This post originally appeared on Business Insider.
Things are getting interesting on the Fiscal Cliff front.
Saturday night it was reported by multiple outlets that John Boehner agreed to let taxes rise on those making $1 million or more per year. That was seen by the White House as a too-narrow concession, but it was something, as it meant that the real negotiation was beginning, as the two sides have begun to trade taxes and spending cuts.
Now there’s more signs of real movement.
The Washington Post’s Lori Montgomery and Paul Kane report that John Boehner has now offered to include a one-year debt ceiling hike in his offer, taking away a key point of Republican leverage coming up in just a couple of months.
The White House rejected the offer, saying it would raise too little cash to significantly dent record budget deficits and do nothing to extend emergency unemployments benefits into the new year, according to a Democrat familiar with the talks.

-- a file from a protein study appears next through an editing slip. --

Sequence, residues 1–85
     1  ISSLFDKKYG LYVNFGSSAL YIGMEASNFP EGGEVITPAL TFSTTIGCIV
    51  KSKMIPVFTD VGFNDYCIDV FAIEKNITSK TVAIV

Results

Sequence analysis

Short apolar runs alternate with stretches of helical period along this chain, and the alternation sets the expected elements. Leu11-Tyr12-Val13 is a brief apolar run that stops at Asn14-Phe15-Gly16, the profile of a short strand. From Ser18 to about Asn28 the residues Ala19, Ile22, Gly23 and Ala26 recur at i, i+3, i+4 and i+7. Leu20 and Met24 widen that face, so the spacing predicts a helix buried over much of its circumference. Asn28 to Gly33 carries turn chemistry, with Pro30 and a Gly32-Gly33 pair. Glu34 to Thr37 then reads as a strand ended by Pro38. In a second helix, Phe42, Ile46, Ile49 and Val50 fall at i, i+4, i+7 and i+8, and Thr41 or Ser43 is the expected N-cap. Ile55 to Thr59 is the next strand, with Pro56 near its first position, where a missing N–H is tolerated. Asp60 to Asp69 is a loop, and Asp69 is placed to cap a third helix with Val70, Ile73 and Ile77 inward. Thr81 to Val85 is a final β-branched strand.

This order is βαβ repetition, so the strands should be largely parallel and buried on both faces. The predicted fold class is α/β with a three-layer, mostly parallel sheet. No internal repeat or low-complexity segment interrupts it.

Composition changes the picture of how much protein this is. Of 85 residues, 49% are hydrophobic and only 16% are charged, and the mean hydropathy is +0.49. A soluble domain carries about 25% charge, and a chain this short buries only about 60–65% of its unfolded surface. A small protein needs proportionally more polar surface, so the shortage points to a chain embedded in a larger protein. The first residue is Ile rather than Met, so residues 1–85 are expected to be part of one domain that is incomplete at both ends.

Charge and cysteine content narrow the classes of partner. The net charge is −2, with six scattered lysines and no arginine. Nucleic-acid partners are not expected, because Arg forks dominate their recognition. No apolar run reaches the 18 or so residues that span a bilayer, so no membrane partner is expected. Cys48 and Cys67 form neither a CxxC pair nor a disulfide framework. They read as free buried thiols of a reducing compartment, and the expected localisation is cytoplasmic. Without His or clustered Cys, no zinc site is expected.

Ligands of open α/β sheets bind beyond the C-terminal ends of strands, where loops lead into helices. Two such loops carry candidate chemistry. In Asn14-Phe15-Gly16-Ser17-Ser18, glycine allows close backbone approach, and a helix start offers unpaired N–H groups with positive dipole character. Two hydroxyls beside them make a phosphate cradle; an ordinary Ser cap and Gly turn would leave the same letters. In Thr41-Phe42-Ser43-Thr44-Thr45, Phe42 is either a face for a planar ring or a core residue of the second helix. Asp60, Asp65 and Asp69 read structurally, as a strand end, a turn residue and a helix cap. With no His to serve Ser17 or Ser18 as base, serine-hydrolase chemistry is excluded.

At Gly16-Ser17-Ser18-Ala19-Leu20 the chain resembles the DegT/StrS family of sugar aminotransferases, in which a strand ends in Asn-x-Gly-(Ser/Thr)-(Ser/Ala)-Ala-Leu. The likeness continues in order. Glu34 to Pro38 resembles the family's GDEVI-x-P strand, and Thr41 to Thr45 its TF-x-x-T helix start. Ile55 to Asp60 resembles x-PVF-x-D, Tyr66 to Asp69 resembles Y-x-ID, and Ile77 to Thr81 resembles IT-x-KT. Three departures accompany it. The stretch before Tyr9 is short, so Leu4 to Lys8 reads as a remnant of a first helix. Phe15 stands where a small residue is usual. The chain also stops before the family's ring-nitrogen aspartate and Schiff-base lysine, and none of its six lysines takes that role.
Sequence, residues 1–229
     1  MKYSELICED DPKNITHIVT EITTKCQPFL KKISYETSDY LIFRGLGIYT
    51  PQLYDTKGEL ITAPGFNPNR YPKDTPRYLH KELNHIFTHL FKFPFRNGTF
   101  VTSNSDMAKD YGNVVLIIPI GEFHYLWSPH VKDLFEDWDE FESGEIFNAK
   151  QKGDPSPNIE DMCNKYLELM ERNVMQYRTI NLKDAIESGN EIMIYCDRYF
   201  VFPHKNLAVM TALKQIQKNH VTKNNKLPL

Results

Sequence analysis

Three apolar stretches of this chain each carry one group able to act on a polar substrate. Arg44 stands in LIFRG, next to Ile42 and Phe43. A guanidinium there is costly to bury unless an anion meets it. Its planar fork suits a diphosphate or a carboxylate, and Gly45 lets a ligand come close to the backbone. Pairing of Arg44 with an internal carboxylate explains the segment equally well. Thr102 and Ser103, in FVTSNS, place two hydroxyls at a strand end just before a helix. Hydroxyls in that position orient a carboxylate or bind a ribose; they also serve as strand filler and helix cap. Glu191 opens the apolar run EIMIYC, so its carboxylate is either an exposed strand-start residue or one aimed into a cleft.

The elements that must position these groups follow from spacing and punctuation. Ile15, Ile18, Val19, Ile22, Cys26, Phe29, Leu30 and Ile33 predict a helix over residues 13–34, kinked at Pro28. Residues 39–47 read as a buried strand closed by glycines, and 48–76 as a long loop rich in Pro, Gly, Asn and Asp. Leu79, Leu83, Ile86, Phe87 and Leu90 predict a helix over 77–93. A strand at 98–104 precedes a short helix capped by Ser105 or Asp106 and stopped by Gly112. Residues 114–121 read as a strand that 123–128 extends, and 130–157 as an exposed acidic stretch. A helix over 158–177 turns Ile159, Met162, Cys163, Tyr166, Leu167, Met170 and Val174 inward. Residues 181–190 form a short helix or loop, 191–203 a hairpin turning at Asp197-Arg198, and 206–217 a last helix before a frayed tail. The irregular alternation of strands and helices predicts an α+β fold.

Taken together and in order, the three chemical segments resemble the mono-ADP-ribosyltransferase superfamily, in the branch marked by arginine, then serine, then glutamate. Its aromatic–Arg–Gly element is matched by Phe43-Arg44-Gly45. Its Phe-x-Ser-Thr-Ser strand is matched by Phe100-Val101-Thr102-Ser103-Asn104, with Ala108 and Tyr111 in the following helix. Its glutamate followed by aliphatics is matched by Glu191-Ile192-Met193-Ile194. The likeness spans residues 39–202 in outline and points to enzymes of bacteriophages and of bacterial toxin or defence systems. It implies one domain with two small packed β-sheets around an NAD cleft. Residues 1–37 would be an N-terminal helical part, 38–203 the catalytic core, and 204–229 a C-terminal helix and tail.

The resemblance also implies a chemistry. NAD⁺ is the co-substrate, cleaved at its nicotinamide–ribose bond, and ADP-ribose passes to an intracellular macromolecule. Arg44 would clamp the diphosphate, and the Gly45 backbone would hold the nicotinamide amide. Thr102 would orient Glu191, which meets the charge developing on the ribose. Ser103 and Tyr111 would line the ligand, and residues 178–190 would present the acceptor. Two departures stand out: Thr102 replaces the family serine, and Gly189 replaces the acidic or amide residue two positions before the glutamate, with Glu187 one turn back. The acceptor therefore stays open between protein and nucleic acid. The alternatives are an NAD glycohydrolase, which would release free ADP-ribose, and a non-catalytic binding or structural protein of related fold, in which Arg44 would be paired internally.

But the tax offer was viewed as a breakthrough, the Democrat said. Senior White House officials remained in contact with Boehner’s staff throughout the weekend in a sign that serious negotiations had finally begun after weeks of stalemate and partisan posturing.
Clearly with the clock ticking down, Boehner is actually putting things on the table that represent concessions. Next is for The White House to counter with something new.
That being said, John Boehner is definitely risking revolt on the right with some of these offers.
Republicans resigned to “losing” the Fiscal Cliff fight have been hopeful that they could use the debt ceiling as leverage to get more spending cuts. Now Boehner seems to be giving that up, while also cracking (ever so slightly) on higher taxes.